Montenegro Sent Back to Analog by Unprecedented Cyber Attacks

"After the ransomware attack last week, Government DNS namespace is blocked so the administration switched to offline mode. According to internal investigation, a cyber-attack happened after a malicious software was uploaded from the computer in one of Government services," a government source told BIRN, speaking on condition of anonymity.

One source said security services were investigating the possibility of an "inside job," by which the malware was uploaded onto a computer system in a major government ministry.

"Right now, we know that it did not happen online, by 'phishing', but are still investigating the two possible locations within the government administration," the source said.

The attack has become a hot topic in hacker chat groups online and on the dark web, with some comparing it to a ransomware assault on an IT supplier to the UK health service, the NHS, earlier in August.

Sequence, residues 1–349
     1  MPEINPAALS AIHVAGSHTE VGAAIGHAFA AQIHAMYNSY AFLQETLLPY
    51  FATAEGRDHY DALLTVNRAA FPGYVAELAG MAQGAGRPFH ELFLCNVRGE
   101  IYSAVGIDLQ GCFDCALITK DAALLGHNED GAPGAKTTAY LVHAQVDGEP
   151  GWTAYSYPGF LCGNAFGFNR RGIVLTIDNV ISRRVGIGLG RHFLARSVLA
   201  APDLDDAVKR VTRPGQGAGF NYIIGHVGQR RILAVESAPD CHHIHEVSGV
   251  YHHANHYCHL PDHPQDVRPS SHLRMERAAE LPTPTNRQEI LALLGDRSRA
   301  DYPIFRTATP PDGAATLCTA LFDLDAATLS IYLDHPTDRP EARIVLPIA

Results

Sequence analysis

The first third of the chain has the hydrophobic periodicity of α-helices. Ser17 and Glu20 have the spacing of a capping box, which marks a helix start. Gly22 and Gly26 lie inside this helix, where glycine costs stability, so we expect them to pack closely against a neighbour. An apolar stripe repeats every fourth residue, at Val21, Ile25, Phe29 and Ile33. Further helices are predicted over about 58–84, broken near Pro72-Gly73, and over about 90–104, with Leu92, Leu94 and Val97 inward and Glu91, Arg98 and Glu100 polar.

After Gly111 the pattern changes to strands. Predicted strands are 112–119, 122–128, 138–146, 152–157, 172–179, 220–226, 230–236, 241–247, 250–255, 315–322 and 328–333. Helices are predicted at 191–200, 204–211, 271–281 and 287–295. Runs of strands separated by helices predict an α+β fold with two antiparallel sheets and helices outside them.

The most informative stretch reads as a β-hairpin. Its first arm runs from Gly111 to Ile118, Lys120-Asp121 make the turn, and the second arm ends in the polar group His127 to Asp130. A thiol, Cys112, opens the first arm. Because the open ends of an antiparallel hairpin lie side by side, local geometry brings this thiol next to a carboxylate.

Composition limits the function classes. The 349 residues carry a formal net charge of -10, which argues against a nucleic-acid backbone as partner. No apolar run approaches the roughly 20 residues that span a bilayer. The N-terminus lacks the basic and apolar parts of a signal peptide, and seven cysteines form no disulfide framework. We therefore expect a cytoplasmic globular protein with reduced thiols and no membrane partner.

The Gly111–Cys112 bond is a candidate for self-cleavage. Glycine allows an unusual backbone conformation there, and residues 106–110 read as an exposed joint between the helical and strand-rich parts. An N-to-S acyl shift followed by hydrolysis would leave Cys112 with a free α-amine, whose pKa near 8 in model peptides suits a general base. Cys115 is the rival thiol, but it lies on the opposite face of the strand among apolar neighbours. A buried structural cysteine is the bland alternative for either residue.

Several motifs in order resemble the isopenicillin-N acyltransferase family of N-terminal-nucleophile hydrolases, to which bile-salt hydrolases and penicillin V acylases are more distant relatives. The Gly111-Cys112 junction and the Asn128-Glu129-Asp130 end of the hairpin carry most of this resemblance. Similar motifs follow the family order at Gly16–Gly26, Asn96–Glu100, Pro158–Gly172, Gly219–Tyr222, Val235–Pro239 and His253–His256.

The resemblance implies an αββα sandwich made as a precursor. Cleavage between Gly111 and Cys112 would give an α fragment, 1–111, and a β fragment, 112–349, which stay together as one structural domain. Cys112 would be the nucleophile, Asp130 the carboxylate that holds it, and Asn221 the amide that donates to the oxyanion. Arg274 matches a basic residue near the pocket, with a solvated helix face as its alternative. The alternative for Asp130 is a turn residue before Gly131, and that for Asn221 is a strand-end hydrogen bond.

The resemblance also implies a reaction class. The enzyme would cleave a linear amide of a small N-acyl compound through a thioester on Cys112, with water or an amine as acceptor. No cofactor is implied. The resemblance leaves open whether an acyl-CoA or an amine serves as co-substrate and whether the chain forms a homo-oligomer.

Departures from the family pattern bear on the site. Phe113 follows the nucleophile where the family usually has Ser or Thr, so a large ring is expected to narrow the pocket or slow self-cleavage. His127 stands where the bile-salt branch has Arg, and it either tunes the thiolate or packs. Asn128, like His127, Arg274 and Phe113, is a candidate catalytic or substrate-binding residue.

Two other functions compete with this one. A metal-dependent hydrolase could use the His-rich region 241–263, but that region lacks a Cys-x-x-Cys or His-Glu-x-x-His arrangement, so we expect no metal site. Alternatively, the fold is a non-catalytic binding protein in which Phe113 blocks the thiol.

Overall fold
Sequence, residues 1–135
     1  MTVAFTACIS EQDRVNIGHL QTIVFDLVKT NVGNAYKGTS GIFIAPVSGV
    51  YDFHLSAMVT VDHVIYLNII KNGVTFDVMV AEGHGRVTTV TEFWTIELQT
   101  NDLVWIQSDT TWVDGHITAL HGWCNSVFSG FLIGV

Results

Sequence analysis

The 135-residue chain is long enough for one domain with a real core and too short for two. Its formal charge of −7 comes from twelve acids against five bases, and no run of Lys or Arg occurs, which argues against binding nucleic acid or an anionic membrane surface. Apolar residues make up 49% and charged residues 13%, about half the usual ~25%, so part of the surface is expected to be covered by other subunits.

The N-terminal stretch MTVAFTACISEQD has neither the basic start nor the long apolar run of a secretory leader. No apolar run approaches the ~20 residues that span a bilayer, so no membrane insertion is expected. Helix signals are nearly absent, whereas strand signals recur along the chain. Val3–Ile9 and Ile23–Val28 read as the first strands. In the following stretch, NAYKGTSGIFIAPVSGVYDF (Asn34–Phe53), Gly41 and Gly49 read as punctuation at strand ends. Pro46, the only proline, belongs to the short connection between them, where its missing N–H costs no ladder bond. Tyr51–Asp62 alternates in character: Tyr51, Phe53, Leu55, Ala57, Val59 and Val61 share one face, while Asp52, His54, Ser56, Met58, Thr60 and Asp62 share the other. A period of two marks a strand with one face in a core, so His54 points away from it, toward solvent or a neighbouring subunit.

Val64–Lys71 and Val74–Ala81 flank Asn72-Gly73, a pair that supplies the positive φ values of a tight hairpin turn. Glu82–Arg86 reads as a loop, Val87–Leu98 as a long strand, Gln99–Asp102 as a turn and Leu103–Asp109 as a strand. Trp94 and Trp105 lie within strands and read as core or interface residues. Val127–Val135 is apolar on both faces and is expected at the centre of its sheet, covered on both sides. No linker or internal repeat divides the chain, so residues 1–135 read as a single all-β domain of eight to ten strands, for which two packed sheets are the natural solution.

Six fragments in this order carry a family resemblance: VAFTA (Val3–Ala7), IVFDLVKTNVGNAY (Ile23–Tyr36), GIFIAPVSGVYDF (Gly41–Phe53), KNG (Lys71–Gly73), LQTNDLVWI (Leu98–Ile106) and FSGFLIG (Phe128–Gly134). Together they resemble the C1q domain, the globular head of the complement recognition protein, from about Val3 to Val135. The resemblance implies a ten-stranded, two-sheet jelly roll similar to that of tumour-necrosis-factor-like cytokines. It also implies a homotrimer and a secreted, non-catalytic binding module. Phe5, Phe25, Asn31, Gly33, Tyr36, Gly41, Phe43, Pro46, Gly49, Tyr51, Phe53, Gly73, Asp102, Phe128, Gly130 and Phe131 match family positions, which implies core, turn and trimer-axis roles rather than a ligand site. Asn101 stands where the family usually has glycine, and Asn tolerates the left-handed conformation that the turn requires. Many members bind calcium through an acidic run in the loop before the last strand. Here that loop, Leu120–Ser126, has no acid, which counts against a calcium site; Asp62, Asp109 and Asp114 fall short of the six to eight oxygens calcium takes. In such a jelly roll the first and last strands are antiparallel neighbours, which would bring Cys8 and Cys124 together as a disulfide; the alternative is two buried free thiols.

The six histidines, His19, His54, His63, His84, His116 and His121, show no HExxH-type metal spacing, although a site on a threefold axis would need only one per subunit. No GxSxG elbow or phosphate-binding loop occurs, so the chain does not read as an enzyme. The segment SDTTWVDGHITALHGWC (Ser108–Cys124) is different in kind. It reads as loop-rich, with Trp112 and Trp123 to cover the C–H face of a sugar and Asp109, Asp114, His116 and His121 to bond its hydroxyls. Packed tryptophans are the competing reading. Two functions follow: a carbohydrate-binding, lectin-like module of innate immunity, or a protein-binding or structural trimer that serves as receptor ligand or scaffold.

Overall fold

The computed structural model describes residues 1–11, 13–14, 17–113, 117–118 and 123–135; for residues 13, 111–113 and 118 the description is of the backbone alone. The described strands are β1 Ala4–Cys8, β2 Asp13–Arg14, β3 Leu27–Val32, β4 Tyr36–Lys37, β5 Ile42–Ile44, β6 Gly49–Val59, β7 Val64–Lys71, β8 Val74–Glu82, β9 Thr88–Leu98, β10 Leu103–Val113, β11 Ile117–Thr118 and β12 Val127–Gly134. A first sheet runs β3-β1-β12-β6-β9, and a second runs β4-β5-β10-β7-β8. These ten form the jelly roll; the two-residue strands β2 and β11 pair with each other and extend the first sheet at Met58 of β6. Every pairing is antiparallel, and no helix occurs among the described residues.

"Putting it in simple terms, when the government's two main servers are downs for a week, the two main DNS namespaces are offline, it means that someone locked your entire data on those servers and took the key but even if the key is returned eventually, you don't know which data is lost for good," said one member of a hacker group monitored by BIRN.

After initially pointing the finger at Russia, Montenegrin authorities are now blaming a criminal group by the name of 'Cuba Ransomware', but hackers BIRN spoke to said the attack did not fit Cuba's modus operandi.

"If it is Cuba Ransomware, which is officially confirmed only for the Montenegrin parliament server, it would be a weird development," said one. "The group usually attacks big financial data servers, security or health systems, where private data or accounts of citizens and companies...

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